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Macy’s invests heavily in technology, offers apps and tablets to customers

September 26, 2014

Macy's, the 156 year-old U.S. retailer, is investing heavily in ecommerce technology.

Macy’s, the 156 year-old U.S. retailer, is investing heavily in ecommerce technology. Recently the company launched several new digital initiatives.

Over the next few months, Macy’s plans to add 4,000 iBeacon devices in stores across the country. The company will use the devices’ Bluetooth to send special offers to customer smartphones equipped with Shopkick – a popular shopping app – as they walk into stores.  President Kent Anderson believes that the technology will prove lucrative for Macy’s, reported the Washington Post.

“The customer who gets more engaged in more of the channels that Macy’s has to offer gives us more wallet share,” said Anderson, according to the news source.

Other retailers have tested iBeacon technology, such as American Eagle, Duane Reade and Lord & Taylor, but Macy’s seems to be all-in. The investment is part of a wider strategy to attract more millennial-generation shoppers.

Macy’s has also announced an Image Search app, which will allow customers to take pictures of items they are interested in and then find similar products at the store. The company intends to learn, based on customer behavior, what the appropriate volume and cadence of the alerts should be in the coming period. Macy’s is also hoping that consumers will find the app and alerts appealing enough that they may eventually share personal information.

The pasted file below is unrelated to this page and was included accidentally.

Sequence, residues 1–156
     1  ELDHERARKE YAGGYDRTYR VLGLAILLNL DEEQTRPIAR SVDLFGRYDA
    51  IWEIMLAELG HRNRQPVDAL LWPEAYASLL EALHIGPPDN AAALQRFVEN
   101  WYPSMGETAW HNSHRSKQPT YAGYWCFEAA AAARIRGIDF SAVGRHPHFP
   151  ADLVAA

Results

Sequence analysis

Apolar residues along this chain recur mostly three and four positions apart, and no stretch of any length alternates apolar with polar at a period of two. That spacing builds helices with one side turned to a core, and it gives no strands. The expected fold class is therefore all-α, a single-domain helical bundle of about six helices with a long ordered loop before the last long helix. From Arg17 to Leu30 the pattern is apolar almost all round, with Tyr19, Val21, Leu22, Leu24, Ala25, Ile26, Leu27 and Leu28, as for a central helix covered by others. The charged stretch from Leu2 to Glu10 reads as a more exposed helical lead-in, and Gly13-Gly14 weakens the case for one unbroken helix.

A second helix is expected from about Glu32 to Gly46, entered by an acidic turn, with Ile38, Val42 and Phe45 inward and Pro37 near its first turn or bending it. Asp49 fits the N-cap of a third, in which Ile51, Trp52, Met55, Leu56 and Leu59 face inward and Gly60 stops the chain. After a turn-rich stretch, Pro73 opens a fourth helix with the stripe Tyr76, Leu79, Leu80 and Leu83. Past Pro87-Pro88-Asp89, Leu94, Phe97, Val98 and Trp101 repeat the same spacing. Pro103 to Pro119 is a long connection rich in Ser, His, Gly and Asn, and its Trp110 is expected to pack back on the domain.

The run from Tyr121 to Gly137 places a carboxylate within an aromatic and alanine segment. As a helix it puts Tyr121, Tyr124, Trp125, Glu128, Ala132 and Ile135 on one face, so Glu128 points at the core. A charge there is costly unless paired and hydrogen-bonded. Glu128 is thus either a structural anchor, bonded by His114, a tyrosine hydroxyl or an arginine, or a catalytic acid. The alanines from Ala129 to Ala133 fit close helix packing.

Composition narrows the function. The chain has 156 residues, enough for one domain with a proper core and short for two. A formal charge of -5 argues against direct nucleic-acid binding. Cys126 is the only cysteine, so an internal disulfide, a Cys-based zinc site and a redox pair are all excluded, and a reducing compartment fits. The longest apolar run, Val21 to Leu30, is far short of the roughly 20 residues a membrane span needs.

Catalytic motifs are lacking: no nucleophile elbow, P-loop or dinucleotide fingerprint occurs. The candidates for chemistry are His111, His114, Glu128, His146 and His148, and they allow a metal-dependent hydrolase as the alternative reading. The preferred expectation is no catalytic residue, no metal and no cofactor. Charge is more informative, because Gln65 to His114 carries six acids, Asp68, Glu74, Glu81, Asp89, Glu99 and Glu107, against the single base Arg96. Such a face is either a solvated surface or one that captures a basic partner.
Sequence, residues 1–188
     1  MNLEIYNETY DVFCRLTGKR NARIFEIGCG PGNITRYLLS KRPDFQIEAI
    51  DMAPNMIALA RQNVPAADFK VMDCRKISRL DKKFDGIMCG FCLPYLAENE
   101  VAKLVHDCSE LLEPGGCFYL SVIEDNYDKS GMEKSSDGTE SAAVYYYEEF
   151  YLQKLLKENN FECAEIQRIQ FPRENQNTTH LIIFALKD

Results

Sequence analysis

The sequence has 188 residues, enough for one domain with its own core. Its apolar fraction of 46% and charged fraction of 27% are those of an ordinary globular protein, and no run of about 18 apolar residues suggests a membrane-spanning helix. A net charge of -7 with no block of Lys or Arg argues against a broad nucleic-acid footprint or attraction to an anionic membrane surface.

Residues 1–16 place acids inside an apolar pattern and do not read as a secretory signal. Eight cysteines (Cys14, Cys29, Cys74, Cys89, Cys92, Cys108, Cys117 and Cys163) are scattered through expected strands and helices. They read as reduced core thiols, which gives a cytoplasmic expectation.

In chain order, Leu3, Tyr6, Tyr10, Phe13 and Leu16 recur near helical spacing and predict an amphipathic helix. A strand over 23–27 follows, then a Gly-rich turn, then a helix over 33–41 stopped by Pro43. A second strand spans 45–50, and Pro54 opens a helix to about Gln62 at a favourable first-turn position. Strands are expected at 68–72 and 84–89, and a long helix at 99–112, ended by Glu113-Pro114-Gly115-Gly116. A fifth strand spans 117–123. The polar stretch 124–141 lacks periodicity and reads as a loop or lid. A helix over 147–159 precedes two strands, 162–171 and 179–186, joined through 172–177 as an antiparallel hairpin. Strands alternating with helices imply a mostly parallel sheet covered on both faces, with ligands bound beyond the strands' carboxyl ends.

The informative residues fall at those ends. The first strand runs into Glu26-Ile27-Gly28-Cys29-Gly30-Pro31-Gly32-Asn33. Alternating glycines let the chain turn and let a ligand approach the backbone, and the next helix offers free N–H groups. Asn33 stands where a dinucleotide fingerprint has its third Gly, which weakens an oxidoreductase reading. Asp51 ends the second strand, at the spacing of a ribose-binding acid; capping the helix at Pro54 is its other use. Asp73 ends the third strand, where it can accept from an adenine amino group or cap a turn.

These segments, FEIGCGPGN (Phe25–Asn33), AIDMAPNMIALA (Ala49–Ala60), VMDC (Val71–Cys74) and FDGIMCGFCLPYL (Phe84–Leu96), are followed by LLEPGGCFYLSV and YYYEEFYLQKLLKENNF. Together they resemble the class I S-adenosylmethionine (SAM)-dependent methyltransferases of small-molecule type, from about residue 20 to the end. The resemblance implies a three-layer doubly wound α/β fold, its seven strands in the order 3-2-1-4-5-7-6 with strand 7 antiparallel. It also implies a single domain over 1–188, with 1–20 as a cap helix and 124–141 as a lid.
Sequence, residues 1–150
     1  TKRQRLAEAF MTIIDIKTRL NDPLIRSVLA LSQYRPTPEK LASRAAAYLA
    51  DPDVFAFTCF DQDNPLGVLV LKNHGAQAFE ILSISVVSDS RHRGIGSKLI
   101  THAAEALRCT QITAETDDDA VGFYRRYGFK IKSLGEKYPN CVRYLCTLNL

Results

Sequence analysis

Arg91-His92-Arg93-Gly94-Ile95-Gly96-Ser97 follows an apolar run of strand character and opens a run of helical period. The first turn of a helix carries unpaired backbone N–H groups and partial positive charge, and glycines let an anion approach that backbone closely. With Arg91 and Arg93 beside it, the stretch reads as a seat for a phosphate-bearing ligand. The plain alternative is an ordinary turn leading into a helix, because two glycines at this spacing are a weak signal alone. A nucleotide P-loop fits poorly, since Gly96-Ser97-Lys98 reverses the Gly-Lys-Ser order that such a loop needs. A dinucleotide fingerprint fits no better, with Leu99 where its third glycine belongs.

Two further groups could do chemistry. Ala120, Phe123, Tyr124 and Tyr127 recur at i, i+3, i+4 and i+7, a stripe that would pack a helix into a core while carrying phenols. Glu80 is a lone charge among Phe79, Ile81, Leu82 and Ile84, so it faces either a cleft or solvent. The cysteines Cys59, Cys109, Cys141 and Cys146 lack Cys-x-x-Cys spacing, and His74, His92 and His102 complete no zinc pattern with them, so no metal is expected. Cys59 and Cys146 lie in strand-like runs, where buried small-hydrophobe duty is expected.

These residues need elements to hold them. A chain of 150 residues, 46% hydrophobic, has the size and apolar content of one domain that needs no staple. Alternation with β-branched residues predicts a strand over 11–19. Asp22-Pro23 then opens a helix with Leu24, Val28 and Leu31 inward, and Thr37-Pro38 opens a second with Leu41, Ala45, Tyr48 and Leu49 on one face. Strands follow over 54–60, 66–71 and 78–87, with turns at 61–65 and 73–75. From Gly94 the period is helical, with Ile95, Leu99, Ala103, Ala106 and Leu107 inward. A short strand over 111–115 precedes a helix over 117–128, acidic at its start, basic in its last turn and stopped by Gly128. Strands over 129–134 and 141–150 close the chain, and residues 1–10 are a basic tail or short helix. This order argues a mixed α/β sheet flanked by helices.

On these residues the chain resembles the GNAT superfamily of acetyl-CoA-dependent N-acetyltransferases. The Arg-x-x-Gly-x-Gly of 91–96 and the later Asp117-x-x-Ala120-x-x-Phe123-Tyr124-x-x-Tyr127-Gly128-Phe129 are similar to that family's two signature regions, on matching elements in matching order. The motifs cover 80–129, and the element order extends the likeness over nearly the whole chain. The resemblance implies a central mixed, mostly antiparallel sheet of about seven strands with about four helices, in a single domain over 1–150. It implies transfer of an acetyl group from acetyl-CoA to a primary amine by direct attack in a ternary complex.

“The ability to transmit to you information — a video about the quality of this product, the accessories that we have as part of our assortment that you may not see there — rich content that may, and should, help us close the sale, is where we potentially see the beacon technology going in our stores,” Anderson added. 

The customer helps shape the technology
Macy’s is also experimenting with “smart dressing rooms.” Customers will be able to use a wall-mounted tablet inside the dressing room to read reviews of items and view other sizes and colors of products, according to Forbes.com 

Ultimately, the company believes that customers influence innovation and guide the retailer in making changes to the shopping experience offered. Chief omnichannel officer at Macy’s, RB Harrison, sees the lines beginning to blur with regards to ecommerce and regular commerce – because that is what consumers want.

“She or he is increasingly expecting a seamless experience between a digital and in-store environment,” said Harrison, according to the news source.

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